JoJo Diaz picked boxing over baseball, and changed his life


Like so many kids in so many towns across the United States, Joseph Diaz Jr. started young in a T-ball league. He was 4 when his father, Joseph Sr., signed him up so he could pick up the basics of how to throw, hit and catch.

Joseph Jr., or JoJo, as he’s more commonly known, took to the sport quickly. By the next year, he was on an all-star team. Then another. Then another. Travel ball loomed, and he started playing that, too. By middle school, JoJo Diaz could do a little bit of everything. The left-hander pitched. He caught. He played the outfield and, despite his small frame, a little bit of first base, too.

Diaz Sr. started to think there could be a future for JoJo in baseball, and that maybe his son could eventually earn some scholarship money for college.

“That was my plan, anyway,” Diaz Sr. said. “But plans changed.”

That’s because when JoJo was 8, the elder Diaz took him to a boxing class. JoJo lasted three months before he was enrolled in taekwondo. A few years later, they tried boxing again, as Diaz Sr. took JoJo to the South El Monte Teamsters Youth Boxing Club in their California town when he was 10 or 11 years old. The father didn’t intend for it to go further than JoJo learning how to protect himself, throw a punch and then move on. Both boxing and taekwondo were intended to give JoJo a way to defend himself in school.

But one day inside that boxing gym changed the course of JoJo’s life — he was able to fight back against one of the kids who was picking on him.

“He ended up sparring a couple kids, and one kid he sparred, he made him bleed and stuff like that,” Diaz Sr. said. “After that, he got hooked. It kind of backfired on me a little bit.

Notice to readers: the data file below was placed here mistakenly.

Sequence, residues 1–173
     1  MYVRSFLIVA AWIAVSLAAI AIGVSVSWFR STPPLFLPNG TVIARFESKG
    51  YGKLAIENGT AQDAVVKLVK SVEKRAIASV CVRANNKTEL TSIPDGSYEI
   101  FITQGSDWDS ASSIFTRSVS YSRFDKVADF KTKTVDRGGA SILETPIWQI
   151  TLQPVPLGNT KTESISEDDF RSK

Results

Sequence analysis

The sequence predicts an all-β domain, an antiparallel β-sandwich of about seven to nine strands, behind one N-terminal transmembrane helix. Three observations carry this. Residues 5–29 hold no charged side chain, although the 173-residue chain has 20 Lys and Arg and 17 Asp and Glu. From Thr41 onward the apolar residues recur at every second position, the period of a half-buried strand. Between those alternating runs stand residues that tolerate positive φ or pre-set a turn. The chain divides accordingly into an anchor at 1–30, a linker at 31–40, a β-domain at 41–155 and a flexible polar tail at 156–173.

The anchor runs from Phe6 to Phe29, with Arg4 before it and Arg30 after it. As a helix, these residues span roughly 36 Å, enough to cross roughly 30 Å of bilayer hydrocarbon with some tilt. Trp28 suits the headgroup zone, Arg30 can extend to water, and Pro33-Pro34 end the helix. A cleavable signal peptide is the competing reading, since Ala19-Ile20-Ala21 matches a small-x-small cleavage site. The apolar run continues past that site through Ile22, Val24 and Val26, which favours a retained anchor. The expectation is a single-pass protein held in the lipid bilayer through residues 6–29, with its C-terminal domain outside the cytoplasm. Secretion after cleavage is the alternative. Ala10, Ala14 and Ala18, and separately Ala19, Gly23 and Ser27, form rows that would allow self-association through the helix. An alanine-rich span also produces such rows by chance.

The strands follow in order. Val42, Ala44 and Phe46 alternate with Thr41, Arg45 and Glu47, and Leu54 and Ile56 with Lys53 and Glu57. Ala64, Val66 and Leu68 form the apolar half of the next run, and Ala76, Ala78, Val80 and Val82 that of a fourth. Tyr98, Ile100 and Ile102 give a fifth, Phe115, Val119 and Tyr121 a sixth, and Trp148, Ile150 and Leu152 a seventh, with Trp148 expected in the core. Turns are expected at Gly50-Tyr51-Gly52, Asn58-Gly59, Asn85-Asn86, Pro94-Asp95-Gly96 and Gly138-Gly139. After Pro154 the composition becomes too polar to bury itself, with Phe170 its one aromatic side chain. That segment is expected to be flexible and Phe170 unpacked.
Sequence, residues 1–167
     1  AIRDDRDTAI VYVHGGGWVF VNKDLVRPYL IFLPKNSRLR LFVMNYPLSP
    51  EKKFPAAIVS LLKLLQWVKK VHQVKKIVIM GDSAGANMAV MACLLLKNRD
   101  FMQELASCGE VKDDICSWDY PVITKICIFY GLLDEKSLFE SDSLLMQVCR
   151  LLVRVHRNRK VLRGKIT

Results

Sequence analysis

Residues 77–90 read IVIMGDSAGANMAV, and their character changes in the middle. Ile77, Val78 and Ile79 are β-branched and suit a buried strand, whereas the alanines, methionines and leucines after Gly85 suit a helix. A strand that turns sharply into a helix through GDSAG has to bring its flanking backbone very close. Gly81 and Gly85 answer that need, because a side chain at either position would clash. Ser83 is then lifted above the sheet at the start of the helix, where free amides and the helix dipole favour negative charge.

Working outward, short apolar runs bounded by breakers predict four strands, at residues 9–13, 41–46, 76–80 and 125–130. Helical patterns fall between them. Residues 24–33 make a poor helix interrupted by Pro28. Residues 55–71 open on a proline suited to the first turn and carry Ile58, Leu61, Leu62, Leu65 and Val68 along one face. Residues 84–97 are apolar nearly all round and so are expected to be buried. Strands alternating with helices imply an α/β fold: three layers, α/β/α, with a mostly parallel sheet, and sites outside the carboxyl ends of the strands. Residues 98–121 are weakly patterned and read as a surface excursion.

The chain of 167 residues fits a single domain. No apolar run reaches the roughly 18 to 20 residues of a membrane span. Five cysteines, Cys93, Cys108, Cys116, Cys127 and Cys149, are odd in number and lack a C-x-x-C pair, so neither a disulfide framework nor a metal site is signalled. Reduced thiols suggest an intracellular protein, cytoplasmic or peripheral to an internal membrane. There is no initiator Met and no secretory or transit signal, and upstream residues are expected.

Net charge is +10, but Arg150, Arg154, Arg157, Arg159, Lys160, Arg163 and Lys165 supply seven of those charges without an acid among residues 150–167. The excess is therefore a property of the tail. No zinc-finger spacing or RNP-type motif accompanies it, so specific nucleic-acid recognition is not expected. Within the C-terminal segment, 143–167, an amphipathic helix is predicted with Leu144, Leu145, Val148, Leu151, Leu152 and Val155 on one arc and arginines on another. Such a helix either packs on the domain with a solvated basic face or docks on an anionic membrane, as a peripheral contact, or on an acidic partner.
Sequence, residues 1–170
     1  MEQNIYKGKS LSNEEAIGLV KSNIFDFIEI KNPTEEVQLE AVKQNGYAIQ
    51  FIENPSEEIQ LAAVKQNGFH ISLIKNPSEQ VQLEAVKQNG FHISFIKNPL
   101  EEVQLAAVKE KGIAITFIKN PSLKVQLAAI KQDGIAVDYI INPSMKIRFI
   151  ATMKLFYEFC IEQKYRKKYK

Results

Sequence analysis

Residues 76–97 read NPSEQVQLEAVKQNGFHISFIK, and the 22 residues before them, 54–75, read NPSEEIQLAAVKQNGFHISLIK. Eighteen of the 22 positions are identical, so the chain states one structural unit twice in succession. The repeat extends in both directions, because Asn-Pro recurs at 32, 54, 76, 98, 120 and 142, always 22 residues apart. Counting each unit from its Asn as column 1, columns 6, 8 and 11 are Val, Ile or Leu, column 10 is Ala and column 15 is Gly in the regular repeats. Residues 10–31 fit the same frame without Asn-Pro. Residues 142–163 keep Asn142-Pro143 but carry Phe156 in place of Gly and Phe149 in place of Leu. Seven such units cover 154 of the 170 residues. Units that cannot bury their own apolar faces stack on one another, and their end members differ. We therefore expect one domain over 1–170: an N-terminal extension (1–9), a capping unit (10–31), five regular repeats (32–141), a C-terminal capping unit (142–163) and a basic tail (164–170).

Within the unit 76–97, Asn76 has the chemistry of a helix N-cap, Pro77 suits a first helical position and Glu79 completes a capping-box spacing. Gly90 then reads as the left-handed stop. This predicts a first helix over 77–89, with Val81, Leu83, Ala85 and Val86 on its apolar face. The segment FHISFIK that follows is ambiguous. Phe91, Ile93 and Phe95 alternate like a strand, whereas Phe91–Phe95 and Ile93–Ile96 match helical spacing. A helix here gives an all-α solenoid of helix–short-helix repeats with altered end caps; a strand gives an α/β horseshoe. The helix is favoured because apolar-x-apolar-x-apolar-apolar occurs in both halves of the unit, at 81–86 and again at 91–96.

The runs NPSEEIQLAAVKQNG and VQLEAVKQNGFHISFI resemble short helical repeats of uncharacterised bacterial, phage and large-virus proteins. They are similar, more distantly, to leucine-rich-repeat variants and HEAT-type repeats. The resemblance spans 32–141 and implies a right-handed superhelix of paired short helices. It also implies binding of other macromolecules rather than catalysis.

“I thought he would go in there and get beat up a little bit and not want to do this [too seriously] and just want to go in there and train. But he ended up making some kids bleed and beat some kids up.”

Two decades later, JoJo is 32 fights into a pro boxing career — 31-1 with 15 KOs — and he carries the IBF junior lightweight world title into his first defense of that belt on Saturday against Shavkatdzhon Rakhimov. But for a few key moments and circumstances in his childhood, it all could have played out very differently.

It wasn’t an easy decision right off the bat. For a while, JoJo participated in both sports. He became an accomplished boxer while continuing his ascent as a baseball player. During his freshman year of high school, he would leave baseball practices an hour or so into the workout to go train in the boxing gym. Yet he’d still play in the baseball games. He had that much potential — and as a left-handed pitcher with control, he had a valuable skill set. There was talk of JoJo moving up to varsity as a sophomore.

JoJo started to weigh his options for his future. In baseball, as his dad hoped, maybe he’d get some money for college. The big leagues were a long shot under any circumstances, and for someone who was still under 5 feet tall at the time, the scales were even more imbalanced. In boxing, there were weight classes and divisions and more options. Plus, he’d already had success.

But even with as much time as boxing was starting to take up, his baseball ability and love for the game made it tough to leave it behind.